Theoretically, you could trade down from #31 and fill a need on the offensive line — then trade up from #63 to get a receiver you like. You run the risk of losing picks, but you also have the chance to make a cumulative gain and get the players you really want.

So who are the ten if White, Cooper, Parker and Strong are off the board?

Nelson Agholor (USC)
Ran an impressive 4.41 with the top ten-yard split (1.53). He makes up for a lack of size (6-0, 198lbs) with suddenness, catching technique, good hands, leaping ability and grit. He’s an effective kick returner too. It’d be more of the same for Seattle, but this is the type of receiver they’ve shown interest in. If they sign a big target (eg Julius Thomas) in free agency, this could be an option.

Sammie Coates (Auburn)
He was as advertised today. Coates is a physical freak with fantastic muscle tone and a T.O. style frame. He ran a 4.43 with a 41-inch vertical, 10’11” broad jump and he put up 23 reps on the bench press. Physically he’s a top ten pick. Catching the ball he might be an UDFA. During drills he struggled to track the deep ball and had some drops. For all the potential, he’s likely to be a frustrating player at the next level. Very boom or bust.

Phillip Dorsett (Miami)
He’s a really effective deep-receiver with 4.33 size. He posted a 37-inch vertical today with a 10’2″ broad jump. He’s not just a sprinter playing football — he’s very much a football player. He uses his athleticism to get open and does a good job catching the ball. Can he win in the short game? He showed flashes at Miami. He’s a competitive player but he’s only 5-9 and 183lbs. How many receivers with that size become anything more than a sparky role-player?

Devin Funchess (Michigan)
Funchess really should’ve worked out with the tight ends yesterday. Instead of shining as the obvious top athlete among a bad group, he just looked like a slow receiver today. He’s always been a build-up-speed player at 6-4 and 232lbs — but a 4.70 was considerably worse than Dorial Green-Beckham’s 4.49 at a similar size. He did have a 38-inch vertical to fall back on. He lacks suddenness (1.67 ten yard split) and won’t win off the snap. He needs to be used as a mismatch in the slot or working the seam. He is adept at boxing off defenders, the head-fake and making difficult grabs.

Dorial Green-Beckham (Oklahoma)
DGB has a very peculiar body shape. He’s 6-5 and 237lbs but only has 32 and a half inch arms. He doesn’t appear long despite the height. If anything he looked quite stocky. He only has nine inch hands. Running a 4.49 at that size was impressive, but he only managed a mediocre 33.5 inch vertical and a 9’11” in the broad jump. He’s fast but he doesn’t have a great catching radius or wingspan. The off-field concerns are legit and he didn’t do a convincing job in front of the media. Tall but not long, fast but can’t jump.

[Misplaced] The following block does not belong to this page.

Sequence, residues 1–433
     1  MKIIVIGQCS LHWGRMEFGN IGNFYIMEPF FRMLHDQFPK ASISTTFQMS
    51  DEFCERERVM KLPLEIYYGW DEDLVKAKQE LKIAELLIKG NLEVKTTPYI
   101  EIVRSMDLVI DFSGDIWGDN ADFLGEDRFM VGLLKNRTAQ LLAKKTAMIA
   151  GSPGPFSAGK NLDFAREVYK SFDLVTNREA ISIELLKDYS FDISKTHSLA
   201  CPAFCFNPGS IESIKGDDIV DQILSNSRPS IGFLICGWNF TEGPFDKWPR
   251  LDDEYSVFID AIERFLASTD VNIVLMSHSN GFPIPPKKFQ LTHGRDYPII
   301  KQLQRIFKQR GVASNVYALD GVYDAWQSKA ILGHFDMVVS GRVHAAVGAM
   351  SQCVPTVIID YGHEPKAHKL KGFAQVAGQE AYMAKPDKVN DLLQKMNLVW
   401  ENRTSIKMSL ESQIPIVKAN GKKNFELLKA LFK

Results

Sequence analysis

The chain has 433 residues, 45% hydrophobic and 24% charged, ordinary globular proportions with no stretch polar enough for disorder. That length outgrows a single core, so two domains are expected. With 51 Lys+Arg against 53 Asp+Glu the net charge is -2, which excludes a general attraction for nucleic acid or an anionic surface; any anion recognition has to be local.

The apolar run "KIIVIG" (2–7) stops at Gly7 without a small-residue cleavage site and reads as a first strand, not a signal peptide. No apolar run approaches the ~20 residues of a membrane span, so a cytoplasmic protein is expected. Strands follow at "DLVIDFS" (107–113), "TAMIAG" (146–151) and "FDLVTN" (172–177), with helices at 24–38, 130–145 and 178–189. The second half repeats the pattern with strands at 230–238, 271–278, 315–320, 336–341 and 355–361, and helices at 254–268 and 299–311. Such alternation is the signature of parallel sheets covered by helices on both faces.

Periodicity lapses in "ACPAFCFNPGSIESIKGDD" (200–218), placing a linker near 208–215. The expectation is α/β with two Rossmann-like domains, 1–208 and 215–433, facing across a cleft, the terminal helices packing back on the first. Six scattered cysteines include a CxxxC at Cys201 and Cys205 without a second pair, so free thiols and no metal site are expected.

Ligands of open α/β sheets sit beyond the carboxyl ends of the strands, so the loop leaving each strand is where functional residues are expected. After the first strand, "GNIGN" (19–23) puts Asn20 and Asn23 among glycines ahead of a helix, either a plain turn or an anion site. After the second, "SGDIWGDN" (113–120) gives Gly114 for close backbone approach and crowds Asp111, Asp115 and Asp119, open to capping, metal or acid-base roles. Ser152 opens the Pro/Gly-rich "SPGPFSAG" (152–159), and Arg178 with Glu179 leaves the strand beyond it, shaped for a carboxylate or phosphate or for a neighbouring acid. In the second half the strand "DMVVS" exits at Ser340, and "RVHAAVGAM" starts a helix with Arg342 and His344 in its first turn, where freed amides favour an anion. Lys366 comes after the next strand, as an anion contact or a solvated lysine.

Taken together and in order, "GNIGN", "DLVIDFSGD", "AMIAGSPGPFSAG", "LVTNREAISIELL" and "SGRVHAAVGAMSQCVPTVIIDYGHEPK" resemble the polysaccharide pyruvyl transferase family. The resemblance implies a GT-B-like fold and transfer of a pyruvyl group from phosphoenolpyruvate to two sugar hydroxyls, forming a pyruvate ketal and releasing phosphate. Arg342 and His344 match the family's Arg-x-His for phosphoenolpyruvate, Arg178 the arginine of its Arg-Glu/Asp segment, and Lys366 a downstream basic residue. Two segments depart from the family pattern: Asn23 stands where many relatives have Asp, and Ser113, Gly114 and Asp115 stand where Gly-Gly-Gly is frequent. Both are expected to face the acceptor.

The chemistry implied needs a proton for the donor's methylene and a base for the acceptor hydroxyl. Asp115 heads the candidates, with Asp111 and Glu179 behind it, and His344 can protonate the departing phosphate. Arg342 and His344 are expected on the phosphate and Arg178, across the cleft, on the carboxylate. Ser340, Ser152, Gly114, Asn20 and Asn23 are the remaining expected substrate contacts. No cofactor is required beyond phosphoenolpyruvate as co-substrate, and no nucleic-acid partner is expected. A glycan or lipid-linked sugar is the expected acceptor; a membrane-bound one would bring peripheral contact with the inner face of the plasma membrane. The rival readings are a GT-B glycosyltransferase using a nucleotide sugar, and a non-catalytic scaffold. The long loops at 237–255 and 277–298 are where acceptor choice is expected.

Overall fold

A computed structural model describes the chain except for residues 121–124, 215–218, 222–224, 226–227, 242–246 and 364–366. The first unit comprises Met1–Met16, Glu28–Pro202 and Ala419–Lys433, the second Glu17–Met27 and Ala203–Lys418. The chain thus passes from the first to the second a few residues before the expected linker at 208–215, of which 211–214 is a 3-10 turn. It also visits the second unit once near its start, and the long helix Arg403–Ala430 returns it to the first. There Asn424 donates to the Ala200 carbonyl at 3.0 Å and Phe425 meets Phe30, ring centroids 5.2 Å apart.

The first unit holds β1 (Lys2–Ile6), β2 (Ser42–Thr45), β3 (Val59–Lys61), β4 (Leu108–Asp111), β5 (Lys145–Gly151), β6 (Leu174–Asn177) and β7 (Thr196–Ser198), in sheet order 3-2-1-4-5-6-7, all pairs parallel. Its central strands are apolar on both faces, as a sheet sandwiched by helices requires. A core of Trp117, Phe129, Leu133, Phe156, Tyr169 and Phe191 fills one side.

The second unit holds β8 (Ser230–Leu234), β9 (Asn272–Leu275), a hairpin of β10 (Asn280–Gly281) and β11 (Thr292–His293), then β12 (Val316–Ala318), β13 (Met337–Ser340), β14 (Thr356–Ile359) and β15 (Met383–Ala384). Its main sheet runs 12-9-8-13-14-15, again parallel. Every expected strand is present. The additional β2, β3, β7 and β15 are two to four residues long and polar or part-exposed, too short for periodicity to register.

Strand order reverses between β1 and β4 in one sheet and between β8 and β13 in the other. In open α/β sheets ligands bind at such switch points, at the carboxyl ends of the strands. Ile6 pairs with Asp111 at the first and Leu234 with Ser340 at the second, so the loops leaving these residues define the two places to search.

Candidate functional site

Rashad Greene (Florida State)
Mr. Consistent for FSU but doesn’t seem like a fit for Seattle. He’s only 5-11 and 182lbs, ran a 4.53 today and posted a 36.5 inch vertical and a 10’2″ broad jump. He catches everything and any offense needing a reliable slot receiver will consider Greene on day two. But the Seahawks don’t need a 4.5 runner at 5-11. The ten-yard split on his first forty yard dash matched Nelson Agholor’s 1.53. He has nine inch hands and 31 5/8 inch arms. He’s a competitive player with lots of production.

Tyler Lockett (Kansas State)
After a fantastic Senior Bowl, Lockett further improved his stock at the combine. He’s just under 5-10 and 182lbs (similar size to Rashad Greene) with 30 inch arms and sub-9 inch hands. That’s not a great mix and he too might be out of contention for the Seahawks. But he looked sharp running a 4.40 forty and he also posted a 35.5 inch vertical and a 10’1″ broad jump. He showed spectacular hands in Mobile and he has some kick return potential. His stock has risen so high he’s probably drifted out of any reasonable consideration for Seattle.

Tre McBride (Williams & Mary)
A Seahawks Draft Blog favorite coming into the combine — McBride showed up big time. He’s 6-0 and 210lbs and ran a 4.41 with a 38 inch vertical, a 10’2″ broad jump and a 4.08 short shuttle (top five among WR’s). On tape he makes numerous circus catches — flashing excellent catching technique and the ability to make plays in the short game and downfield. He’s a kick return specialist too. He has average height at 6-0 but plays big with a nice thick frame. He could play at 215lbs comfortably. He has A+ character — he’s well spoken and polite during interviews, gritty and fun on the field. He’s rising and could be a legit second round option for the Seahawks.